Tuesday, May 31, 2011


Mmm...mmm...mmm...mmm! Oh how I remember that Hillbilly Old Fashion Bread!

How’s all the Neato Readers gettin‘ along today? I can rightly say I’m pleased as PB&J, ‘cause I get to talk about a beloved bread from my childhood.

For years I’ve been searching for a vintage Hillbilly Bread bag, but for some reason it kept evading me. Finally, just the other day (thanks to my pal Waffle Whiffer for the heads-up), one showed up on ebay and I won the auction! So here’s an item that’s been high on my vintage packaging want list for a long time.

Back when I was a kid, you could probably find a loaf of one of these four brands in our kitchen pantry - Roman Meal, Wonder Bread, Ozark Mill or Hillbilly Bread. For a kid (that’s me) growing up in an Ozark tourist town with every sign sporting a hillbilly, Hillbilly Bread was a perfect fit for our local grocery store. The bag has always had that happy image of a hillbilly enjoying a sandwich. I wonder if the carefree hillbilly has a name? Also, I would love to know who the artist was who designed the hillbilly. Hillbilly Bread is still available, but is regional and I haven't found any yet.

I’ve been trying to do some fast research on the origins of Hillbilly Bread, but there doesn’t seem to be much online. For now we'll just enjoy some Hillbilly Bread artifacts starting with these nifty commercials from the 1950's. (Video uploaded to YouTube by jacky9br.)

The next item is a fun 1960's(?) photograph from The Rozell Show hosted by Rozell Fabiani on WRBL in Columbus, Georgia. Two unidentified hillbillies and Rozell are doing their best to promote Hillbilly Bread.

Click on the photo and you'll notice the hillbillies are wearing oversized buttons that says, “It’s Colossal." I have on of those buttons, but I can't find it. I do have one of the felt blocks that’s sewed to the guys overalls. It's hard to see in the photograph since they're covering it with the bread loaves.

According to this website, an innovative man by the name of William Busse, the owner of Kreamo Bread, had a brilliant promotional idea during a Notre Dame football game. He parachuted miniature loaves of bread from an airplane. Here’s the blurb from the website where Hillbilly Bread is mentioned - “During the depression he ran continuous ads announcing a Hobo Convention was coming to town soon. It caused quite a stir. When the appointed day arrived all his Kreamo drivers appeared at grocery stores dressed like Hobos. Their trucks had banners announcing “Hillbilly Bread” a new bread Kreamo was introducing.” Apparently he continued this advertising practice for many years after. I wonder if this is the same Hillbilly Bread as the one we’re talking about today. If so, here’s a miniature bread bag of Hillbilly Bread.

This bag is probably from the 1960’s and who knows, maybe it was parachuted from a plane.

Next up is this stylish Hillbilly Bread vest.

My guess it was worn by a grocery store clerk or bag boy. For some odd reason, the first lady won’t let me wear this around town. Hmm... I wonder why?

Here’s two print ads. The first one is from 1978 and the second one is from 1983.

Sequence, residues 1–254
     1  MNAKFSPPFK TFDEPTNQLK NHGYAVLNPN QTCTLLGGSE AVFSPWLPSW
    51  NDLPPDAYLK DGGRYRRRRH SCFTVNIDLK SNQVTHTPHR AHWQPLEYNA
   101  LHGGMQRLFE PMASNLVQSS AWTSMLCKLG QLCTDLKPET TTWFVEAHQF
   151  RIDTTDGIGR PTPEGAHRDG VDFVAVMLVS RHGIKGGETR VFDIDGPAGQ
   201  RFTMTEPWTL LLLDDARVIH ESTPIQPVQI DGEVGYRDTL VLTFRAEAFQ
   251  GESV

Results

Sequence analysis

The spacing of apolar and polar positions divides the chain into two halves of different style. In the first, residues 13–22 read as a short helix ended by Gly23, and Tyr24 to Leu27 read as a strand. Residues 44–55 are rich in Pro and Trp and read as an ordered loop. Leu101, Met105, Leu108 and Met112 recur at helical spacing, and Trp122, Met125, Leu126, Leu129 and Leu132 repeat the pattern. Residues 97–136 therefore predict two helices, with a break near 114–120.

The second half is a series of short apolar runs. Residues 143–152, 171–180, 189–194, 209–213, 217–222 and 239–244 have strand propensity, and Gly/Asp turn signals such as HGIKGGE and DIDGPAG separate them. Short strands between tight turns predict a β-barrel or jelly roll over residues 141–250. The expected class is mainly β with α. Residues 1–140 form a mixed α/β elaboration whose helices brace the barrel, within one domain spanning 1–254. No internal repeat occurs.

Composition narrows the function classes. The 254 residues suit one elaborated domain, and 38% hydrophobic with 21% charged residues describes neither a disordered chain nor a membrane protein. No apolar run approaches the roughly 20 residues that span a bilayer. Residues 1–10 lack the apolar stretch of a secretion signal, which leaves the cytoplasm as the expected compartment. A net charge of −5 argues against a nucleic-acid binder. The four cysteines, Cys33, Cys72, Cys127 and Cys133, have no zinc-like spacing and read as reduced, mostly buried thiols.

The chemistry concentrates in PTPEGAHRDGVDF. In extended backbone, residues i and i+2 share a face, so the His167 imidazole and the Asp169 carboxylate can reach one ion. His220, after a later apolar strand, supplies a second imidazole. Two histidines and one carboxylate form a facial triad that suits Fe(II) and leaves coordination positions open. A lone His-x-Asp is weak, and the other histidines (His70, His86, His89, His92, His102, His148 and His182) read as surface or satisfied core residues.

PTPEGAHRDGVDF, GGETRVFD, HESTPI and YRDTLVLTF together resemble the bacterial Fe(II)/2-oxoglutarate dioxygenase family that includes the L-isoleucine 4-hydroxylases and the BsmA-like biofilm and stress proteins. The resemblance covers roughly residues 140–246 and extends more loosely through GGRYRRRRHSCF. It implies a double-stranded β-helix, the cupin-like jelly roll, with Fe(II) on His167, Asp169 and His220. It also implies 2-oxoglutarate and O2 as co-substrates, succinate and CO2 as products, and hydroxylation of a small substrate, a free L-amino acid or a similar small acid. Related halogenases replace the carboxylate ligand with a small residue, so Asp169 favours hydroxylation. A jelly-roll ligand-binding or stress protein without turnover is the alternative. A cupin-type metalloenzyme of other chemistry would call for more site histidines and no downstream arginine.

I don't remember ever seeing Hillbilly Tater Bread. But here's an old unused bag. We finally get to see Granny! Her old fashion bread mix is what Hillbilly Bread is made from.

Ok, now that I'm done with my Hillbilly Bread blog post, I'm off to frame my bread bag and hang it over the the dinning room table. Shh... don't tell the first lady.

Friday, May 27, 2011


Today marks the 100th anniversary of Vincent Price’s birth! May has been Vincent Price month in St. Louis, Missouri, the birth place of the master of macabre. I was fortunate to attend a few events of the aptly named Vincentennial.

But first, I want to ramble about why I’m a Vincent Price fan.

I’m not sure when or how I discovered Vincent Price, but it was most certainly from television in the 1970’s. Vincent seemed to show up everywhere on the tube and I quickly fell under his spell of funnies and frights. I’ve always liked my horror mixed with humor and he was tops in that department. From his appearances on Hollywood Squares, surprise cameos on variety shows, the creepy guy on Brady Bunch, to one of my favorite guests on The Muppet Show. I didn’t see too many of his films until the late 70’s or early 80’s when we got cable TV. That’s when my appreciation really kicked into high gear. He was such an amazing actor and it’s hard to pick a favorite VP film. For me, it’s probably House on Haunted Hill. It was a sad day when the world lost Vincent in 1993 just a few days before Halloween. He continues to live on through his films, his art books, cookbooks and especially through events like Vincentennial.

Even though, I only had a small sampling of Vincentennial in St. Louis this past weekend. I can say the first lady and I had a most excellent time!

The Vincentennial is the brainchild of St. Louis native Tom Stockman and big props to Tom and his crew for putting on such a memorable event. The Vincentennial is one part film festival, one part art gallery, one part museum and one part horror convention. We jumped in with a showing of the classic William Castle flick, The Tingler, at the historic Hi-Pointe Theatre.

It was fun seeing this movie with an audience complete with “scare the audience” gimmicks that tried to recapture Castle’s Percepto. Yes, for a moment the Tingler was loose in the theater!